The foreign kings and the Jewish sages : reading the narratives in Daniel 1–6.

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This study examines the portrayal of foreign kings in Dan 1–6, suggesting a new interpretive approach to these narratives and drawing out the implications of this portrayal for the unity and theme of the book of Daniel. This dissertation argues that the narratives depict foreign kings in a positive manner rather than satirizing them. While interpreting the narratives’ portrayals of foreign kings as negative fits within the apocalyptic part of the book (Dan 7–12), this reading shows that the narratives in Dan 1–6 have a distinct agenda of demonstrating the role of wise men—maśkîlîm (11:33, 35; 12:3, 10)—in the context of foreign empires. This study shows that this depiction of the ways in which wise men relate to foreign kings illustrates the role of wise men in Dan 11:33 and 12:3 to “lead many to righteousness,” including even the foreign kings, by the transformative power of wisdom—the knowledge of God. As a result, the final form of the book of Daniel reflects the concern of wisdom circles as well as an apocalyptic orientation. The narratives carry out the political and theological goals of rationalizing polity and religion under foreign rulers, and envisioning the transformative power of wisdom in an imperial context for the Jews after the exile.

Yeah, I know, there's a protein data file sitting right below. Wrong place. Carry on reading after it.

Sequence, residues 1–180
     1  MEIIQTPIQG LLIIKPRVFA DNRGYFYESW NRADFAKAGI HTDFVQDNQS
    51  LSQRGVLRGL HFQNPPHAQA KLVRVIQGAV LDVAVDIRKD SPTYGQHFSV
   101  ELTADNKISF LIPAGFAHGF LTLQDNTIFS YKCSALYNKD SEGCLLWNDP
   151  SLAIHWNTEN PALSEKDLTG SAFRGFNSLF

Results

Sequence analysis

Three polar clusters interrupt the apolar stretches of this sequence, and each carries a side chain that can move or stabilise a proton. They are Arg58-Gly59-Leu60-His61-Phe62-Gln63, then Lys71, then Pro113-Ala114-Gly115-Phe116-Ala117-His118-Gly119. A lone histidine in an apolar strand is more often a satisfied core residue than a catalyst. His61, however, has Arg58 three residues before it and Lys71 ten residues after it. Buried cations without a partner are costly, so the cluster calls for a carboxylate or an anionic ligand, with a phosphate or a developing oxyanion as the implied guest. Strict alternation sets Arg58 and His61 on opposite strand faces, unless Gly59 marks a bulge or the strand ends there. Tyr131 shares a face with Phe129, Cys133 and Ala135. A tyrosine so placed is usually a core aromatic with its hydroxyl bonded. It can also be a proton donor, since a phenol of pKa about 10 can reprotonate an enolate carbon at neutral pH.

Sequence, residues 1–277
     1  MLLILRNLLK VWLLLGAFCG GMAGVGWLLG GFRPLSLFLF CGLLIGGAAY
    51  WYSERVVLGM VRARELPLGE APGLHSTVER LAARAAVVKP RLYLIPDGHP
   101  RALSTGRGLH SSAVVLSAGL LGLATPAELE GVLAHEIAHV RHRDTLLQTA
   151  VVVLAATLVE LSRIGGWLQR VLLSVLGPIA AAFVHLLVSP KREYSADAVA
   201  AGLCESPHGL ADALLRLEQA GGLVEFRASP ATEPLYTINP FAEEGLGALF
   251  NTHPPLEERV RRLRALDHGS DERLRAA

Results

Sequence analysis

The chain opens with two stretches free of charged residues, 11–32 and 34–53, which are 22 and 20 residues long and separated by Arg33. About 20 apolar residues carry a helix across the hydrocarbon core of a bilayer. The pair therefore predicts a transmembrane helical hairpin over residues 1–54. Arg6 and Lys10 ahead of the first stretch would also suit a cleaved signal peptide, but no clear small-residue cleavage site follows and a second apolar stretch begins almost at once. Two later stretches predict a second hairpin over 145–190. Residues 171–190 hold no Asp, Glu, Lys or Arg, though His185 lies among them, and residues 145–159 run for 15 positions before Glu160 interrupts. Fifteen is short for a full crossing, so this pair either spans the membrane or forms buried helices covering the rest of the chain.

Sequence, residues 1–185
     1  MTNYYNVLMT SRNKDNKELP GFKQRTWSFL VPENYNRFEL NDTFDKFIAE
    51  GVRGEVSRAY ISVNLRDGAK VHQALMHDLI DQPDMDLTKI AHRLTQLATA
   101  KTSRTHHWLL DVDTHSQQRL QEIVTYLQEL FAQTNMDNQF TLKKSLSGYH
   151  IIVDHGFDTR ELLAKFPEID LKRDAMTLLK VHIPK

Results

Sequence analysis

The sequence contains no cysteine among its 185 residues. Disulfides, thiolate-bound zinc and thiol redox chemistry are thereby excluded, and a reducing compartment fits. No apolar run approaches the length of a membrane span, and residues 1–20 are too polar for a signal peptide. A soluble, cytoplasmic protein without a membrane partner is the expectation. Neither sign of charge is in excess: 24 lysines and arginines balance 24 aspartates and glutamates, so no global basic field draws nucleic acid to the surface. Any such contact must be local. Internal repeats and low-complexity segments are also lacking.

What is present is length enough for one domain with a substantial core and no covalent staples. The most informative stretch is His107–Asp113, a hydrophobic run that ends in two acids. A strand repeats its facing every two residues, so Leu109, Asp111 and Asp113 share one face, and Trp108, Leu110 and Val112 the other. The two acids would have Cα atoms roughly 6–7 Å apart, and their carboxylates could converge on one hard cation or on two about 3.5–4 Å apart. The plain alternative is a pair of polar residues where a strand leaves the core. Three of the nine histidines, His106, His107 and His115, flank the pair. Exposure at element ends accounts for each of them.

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Daniel. Maskilim. Altman. Narrative reading. Foreign kings. Inclusivism. Apocalypse. Wisdom. Sages.
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